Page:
Andrew Carnegie once said "It marks a big step in a manís development when he comes to realize that other men can be called in to help him do a better job than he can do alone. The secret. of success is not in doing your own work, but in recognizing the right man to do it." He proposed the following epitaph for his gravestone... "Here lies a man who knew how to enlist in his service better men than himself."
Real delegation calls for building up in the individuals to whom we delegate a sense of responsibility for the jobs they are given. A leader who says he canít delegate... who would rather do the job himself than go through the difficulties and frustrations of getting another to do it... is really admitting that he is not a leader.
Greater efficiency is far from the only motive for delegation. It develops morale...and vitality. It can build your Lodge or district into a team, and there is nothing more important to the whole concept of Freemasonry than teamwork among the fellowship of those who are brothers. It will develop in your brother a greater sense of responsibility to his Lodge, by enlarging his general understanding of its work and meaning and thereby increasing his interest and participation in its affairs.
The Masonic leader can make no greater contribution to the precepts of our Fraternity than by constantly coaching, guiding and motivating that portion of the Craft entrusted to his care toward the achievement of organization and teamwork.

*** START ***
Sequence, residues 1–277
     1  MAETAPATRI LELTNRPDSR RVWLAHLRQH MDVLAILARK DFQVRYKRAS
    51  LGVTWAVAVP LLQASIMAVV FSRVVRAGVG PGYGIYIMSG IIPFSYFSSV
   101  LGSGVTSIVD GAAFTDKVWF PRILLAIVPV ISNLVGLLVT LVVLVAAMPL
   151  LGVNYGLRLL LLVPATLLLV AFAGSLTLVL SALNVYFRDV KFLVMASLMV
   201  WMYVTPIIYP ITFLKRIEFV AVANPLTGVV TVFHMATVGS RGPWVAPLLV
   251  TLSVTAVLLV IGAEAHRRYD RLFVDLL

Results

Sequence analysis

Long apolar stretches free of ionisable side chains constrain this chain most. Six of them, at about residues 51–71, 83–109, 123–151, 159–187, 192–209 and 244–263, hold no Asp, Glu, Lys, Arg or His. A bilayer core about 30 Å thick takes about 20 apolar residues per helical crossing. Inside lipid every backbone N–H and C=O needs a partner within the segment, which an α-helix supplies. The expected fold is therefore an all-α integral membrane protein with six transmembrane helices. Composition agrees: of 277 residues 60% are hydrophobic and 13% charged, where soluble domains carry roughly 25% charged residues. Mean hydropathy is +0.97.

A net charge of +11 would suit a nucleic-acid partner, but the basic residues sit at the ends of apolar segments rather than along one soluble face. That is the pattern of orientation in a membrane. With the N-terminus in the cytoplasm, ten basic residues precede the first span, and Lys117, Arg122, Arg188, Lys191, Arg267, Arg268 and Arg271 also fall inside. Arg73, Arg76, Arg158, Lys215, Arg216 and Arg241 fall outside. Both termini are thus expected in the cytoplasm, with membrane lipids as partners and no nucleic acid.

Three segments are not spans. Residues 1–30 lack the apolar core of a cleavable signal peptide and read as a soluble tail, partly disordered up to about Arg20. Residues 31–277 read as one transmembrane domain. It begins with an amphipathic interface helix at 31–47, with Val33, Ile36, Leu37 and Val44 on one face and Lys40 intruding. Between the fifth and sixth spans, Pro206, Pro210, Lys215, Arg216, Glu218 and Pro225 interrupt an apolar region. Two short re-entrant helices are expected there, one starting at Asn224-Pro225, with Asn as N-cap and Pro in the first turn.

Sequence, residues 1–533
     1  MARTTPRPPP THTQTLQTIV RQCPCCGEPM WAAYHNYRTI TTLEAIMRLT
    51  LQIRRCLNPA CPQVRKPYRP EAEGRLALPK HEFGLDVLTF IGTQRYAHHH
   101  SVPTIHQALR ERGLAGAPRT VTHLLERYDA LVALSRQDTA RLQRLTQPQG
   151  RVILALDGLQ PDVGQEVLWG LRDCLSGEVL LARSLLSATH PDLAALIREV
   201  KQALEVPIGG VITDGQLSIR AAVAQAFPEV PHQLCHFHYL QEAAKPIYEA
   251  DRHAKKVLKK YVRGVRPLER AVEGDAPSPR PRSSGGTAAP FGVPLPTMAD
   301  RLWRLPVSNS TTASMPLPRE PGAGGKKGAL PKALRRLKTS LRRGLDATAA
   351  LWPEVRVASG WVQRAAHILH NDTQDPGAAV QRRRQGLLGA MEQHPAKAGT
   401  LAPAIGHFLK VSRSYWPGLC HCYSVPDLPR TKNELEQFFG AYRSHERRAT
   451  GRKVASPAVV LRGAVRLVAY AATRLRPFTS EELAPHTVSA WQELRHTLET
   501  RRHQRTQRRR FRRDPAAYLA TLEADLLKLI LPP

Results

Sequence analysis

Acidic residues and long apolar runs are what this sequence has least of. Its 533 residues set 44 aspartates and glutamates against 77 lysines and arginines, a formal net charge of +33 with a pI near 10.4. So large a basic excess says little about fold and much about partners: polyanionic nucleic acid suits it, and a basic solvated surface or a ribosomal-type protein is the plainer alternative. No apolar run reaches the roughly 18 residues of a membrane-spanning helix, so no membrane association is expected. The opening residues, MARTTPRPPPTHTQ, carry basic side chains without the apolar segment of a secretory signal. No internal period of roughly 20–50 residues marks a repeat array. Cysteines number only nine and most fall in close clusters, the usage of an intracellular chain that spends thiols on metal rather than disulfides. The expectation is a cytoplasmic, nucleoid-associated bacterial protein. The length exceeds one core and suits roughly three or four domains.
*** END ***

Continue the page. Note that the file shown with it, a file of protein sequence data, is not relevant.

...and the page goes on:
Letís take a minute to define some of the words we have been using:
Delegation has been defined as giving others the authority to act in your behalf, accompanied with responsibility and accountability for results.
Responsibility has been defined as the duties of the position you occupy in carrying out the job you are expected to do.
Authority includes the right to make decisions, give orders, and take action.
Accountability is your liability to your superior... and your obligation to accept responsibilities and to use authority.
Delegation, therefore, is not merely enlisting others to do errands and chores for you, It must be coupled with responsibility and authority, which develops human resources.
To properly delegate, we must first have the proper attitude. We must be willing to (1) entrust others with responsibilities, (2) give freedom of action, (3) delegate to strengthen our organization, by utilizing latent talent, (4) proceed in easy steps and stages, and (5) let those to whom we delegate make more of the decisions.
Guides for Delegation